The manner in which we asked the questions and how long it takes for the questions to be responded to in surveys is fundamental. Right? We need to make sure that we are providing a good conduit for employees to effectively share their thoughts and feedback. That requires good experience, right, and good experience design. We also know that mobility teams simply don’t have a lot of spare time in their day to day to chase and collect this feedback and, furthermore, they need quick access to data and insights to make decisions based on the feedback that they’ve received.
So that was also another component of our experience that we designed, and our design team focused on reinventing dashboards that don’t look or feel like anything we have anywhere else in the firm to make this information easy to read and digest. Ultimately we want our clients to be able to interpret, pinpoint where they need to action on experience, their shortfalls and, almost as important if not more, to be able to articulate success stories for their program. So we iterated on all this design feedback with our clients, got input from them every step of the way, and that’s ultimately what is the foundation for Dot to Dot and for our experience insights product.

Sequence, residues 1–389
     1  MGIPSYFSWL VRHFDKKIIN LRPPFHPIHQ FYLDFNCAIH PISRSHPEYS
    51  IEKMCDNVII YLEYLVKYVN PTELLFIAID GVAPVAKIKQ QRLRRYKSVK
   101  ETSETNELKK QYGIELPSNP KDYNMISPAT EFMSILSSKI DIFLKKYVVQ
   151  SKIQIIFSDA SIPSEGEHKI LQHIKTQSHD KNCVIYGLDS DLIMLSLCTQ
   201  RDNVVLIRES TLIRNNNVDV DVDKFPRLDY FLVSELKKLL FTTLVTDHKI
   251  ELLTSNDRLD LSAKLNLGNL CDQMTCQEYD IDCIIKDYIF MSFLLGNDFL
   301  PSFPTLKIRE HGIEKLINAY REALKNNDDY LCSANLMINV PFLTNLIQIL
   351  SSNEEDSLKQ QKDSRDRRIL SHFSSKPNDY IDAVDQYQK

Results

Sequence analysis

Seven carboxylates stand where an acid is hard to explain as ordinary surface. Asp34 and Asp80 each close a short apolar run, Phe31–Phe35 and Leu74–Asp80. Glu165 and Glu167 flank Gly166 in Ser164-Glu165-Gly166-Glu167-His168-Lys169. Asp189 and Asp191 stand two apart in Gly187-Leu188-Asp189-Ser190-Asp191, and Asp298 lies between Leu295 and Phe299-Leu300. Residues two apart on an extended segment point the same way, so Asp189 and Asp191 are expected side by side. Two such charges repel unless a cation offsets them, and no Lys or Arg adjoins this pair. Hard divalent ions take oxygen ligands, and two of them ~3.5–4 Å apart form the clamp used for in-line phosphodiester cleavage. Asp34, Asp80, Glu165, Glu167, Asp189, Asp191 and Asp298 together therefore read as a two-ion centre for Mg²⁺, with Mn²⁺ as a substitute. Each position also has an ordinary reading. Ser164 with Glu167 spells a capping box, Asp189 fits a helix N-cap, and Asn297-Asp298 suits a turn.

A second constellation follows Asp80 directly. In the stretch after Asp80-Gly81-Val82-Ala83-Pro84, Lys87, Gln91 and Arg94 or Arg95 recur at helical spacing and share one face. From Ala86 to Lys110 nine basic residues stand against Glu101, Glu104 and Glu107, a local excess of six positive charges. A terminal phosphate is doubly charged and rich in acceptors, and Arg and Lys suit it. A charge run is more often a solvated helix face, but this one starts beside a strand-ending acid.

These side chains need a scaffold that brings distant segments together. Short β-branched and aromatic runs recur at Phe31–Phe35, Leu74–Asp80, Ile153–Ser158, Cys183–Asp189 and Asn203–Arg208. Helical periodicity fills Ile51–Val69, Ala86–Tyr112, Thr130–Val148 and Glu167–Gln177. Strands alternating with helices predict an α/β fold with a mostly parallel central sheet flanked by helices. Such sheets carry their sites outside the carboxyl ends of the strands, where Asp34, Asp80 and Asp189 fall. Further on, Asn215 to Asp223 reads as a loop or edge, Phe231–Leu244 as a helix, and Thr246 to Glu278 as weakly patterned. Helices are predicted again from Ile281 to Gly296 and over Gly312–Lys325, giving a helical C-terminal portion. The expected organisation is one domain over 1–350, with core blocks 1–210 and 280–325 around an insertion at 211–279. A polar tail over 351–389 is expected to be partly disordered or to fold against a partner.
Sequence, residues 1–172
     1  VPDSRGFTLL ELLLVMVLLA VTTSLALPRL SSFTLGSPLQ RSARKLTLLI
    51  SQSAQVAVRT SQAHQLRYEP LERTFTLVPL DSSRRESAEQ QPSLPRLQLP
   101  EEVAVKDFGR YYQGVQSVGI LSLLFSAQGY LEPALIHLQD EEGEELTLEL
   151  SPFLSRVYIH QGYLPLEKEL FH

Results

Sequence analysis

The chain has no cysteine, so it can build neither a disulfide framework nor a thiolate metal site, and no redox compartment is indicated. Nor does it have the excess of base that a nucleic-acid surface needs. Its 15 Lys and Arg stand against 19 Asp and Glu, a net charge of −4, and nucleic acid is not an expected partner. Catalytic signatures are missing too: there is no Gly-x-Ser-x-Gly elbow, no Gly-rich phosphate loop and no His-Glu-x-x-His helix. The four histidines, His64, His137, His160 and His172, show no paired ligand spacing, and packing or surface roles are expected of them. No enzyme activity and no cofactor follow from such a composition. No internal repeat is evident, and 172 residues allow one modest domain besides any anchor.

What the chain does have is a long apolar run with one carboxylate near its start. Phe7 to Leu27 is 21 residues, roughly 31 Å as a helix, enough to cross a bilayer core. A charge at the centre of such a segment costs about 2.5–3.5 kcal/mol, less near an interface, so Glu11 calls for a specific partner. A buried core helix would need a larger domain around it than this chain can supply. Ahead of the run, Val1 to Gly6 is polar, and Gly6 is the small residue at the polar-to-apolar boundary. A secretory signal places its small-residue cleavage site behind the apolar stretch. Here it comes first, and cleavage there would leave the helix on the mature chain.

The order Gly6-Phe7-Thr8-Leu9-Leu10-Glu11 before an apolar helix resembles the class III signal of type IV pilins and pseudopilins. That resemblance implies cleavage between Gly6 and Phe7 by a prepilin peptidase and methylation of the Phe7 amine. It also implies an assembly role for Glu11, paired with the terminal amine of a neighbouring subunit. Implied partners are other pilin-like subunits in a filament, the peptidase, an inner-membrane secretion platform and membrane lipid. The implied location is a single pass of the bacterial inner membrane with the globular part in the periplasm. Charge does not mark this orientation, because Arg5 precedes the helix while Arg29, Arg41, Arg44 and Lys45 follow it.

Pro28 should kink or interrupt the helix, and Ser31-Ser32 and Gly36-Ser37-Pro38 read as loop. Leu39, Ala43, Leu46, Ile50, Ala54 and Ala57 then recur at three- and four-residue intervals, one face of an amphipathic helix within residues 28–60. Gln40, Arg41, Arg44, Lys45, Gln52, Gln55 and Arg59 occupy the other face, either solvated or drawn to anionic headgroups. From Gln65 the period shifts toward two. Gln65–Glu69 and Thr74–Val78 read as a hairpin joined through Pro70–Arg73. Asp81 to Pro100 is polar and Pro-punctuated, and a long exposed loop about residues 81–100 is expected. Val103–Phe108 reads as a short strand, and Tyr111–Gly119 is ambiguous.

Thanks, Bryan. That sounds like a really interesting project to work on, and I have to admit that it sounds like data visualization is really the key to success here at the end of the day. So Bryan, speaking again about Dot to Dot, can you tell our listeners why they should consider Dot to Dot for the mobility experience? What would it do for them exactly?
Yes, absolutely. Katherine hit on a couple of other pain points around perhaps the impersonal or infrequent nature for employees particularly before they go on a move or after they’ve arrived. The surveys that are sent to them and the feedback that is typically captured, that doesn’t really allow our clients to ultimately be proactive and deliver on the higher promises of mobile experiences that they’re trying to provide to those employees. They really need deeper insights. What I mean by that is how well employees are connecting with new colleagues in the new location, for example. Do these employees feel that they’re being given the right benefits or the correct benefits for themselves and for their families? Do they feel like they’re getting a fair deal that really sets them up for success for their move both personally and professionally?